Philosophy and Psychology

Students who are interested in philosophy are often interested in psychology, and vice versa. This is no surprise, since philosophy and psychology address many of the same questions, although from different angles: What is the connection between reason and emotions? Are our moral judgments based on reason or emotion? Are concepts and knowledge largely innate or entirely learned? Is the mind just the brain? Why do we perceive and understand the world the ways we do?

The following Philosophy courses are among those that would be of interest to psychology majors:

  • PHIL 2003: Intro to Philosophy: Generally covers, in an introductory way, all the questions just mentioned.
  • PHIL 1003: Reason and Discovery: Combines discoveries in the psychology of reasoning, as well as logic and probability theory from philosophy, to improving students’ reasoning and argumentation.
  • PHIL 2303: Human Nature and the Meaning of Life: Who are we? What is our nature as human beings? How do answers to these questions teach us about what is valuable and meaningful in life?
  • PHIL 3443: Animal Minds: Examines our evidence for attributing thought, consciousness, and reason to nonhuman animals, investigating the psychological differences and similarities between them and us.
  • PHIL 4033: Modern Philosophy: Covers 17th and 18th century European philosophy, where much of the foundations of contemporary psychology were laid down, including debates about innateness, the nature and sources of knowledge, questions about the immateriality of the mind/soul and the relation between the mind and the body, and questions about how the structure of the mind influences our perception of reality.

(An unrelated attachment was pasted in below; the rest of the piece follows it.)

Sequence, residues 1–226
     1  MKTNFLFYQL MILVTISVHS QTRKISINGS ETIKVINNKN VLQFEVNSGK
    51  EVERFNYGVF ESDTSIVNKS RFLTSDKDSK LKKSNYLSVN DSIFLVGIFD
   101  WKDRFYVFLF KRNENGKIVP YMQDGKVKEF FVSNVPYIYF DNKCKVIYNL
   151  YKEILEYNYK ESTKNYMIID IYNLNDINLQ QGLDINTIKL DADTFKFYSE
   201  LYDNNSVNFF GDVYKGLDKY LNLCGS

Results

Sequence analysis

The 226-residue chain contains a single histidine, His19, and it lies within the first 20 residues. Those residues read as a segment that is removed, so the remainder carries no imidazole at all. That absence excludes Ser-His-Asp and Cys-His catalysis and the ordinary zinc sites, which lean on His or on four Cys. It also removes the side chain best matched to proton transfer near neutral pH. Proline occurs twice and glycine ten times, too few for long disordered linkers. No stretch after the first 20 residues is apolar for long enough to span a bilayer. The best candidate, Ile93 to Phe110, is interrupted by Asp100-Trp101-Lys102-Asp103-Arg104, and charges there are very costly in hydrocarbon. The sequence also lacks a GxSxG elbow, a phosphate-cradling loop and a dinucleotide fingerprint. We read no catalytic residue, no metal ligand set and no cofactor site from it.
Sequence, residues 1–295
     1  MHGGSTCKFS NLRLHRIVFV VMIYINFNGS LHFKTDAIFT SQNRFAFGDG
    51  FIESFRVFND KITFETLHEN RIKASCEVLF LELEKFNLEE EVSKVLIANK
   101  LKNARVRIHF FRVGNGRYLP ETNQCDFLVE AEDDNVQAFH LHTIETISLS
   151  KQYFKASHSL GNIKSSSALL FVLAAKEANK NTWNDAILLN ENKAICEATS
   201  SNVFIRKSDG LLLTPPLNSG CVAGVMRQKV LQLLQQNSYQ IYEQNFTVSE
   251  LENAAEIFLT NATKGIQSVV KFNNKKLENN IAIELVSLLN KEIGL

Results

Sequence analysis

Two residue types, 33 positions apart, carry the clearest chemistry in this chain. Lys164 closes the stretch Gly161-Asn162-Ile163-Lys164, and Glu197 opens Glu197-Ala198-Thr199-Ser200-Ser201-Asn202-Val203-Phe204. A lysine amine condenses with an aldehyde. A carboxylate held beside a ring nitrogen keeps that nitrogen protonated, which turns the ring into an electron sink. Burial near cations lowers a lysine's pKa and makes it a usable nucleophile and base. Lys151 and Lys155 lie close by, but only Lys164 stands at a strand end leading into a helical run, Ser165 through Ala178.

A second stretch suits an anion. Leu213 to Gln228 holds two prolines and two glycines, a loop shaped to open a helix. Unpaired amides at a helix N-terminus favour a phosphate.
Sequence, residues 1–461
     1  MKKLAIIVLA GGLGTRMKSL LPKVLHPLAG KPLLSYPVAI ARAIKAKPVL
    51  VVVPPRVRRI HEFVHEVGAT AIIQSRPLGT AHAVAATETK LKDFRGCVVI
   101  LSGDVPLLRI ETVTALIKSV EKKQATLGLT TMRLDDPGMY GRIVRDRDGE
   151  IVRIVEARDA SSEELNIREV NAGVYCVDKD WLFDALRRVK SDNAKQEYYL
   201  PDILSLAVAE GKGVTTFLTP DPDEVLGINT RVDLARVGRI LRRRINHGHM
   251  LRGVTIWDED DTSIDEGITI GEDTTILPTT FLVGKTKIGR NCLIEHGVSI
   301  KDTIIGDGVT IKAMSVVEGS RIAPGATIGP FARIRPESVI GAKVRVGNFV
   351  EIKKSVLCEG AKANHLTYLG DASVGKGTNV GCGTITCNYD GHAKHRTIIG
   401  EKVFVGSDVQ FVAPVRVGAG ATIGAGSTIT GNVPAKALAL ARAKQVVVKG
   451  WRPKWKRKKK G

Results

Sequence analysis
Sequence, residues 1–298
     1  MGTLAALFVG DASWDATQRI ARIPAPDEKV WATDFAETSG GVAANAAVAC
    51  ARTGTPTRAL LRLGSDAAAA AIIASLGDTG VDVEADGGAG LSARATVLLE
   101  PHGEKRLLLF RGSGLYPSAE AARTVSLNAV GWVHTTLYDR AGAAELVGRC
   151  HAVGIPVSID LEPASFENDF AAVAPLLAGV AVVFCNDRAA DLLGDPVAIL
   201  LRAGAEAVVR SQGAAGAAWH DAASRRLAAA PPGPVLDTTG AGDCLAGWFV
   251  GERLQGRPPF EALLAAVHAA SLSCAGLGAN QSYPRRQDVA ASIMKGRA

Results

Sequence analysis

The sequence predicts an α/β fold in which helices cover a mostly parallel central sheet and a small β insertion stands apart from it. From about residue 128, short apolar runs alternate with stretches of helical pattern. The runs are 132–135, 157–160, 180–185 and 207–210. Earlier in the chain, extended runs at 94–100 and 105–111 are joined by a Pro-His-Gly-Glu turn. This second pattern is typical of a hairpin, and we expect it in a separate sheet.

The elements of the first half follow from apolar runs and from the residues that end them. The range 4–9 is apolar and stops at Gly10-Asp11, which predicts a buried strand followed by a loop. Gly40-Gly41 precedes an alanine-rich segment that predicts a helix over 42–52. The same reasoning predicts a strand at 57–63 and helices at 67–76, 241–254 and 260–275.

• PHIL 4093: Philosophy of Psychology (cross-listed with Psychology): Methodological and theoretical issues in (mostly cognitive) psychology, including recent debates about the nature of mental representation, the nature of concepts, questions about innateness and modularity, the relevance of neuroscience, and the nature of consciousness.
  • PHIL 4183: Kant’s Critique of Pure Reason: All the topics just mentioned in connection with Modern Philosophy, in the context of the most famous and difficult of the Modern philosophers: Immanuel Kant.
  • PHIL 4203: Theory of Knowledge: What is the difference between knowing and making a lucky guess? The former is “warranted” or “justified.” But what is the nature of this justification? How can perception, memory, and reason give rise to it?
  • PHIL 4213: Philosophy of Science: Examines the nature of scientific theories and the evidence for them. 
  • PHIL 4423: Philosophy of Mind: Focuses on the mind-body problem: Can the mind be a material thing? If not, how can it interact with the body or the world around it? Other central questions are also addressed: Can computers think? What is the nature of consciousness?

If you have questions, contact Professor Jack Lyons (jclyons@uark.edu).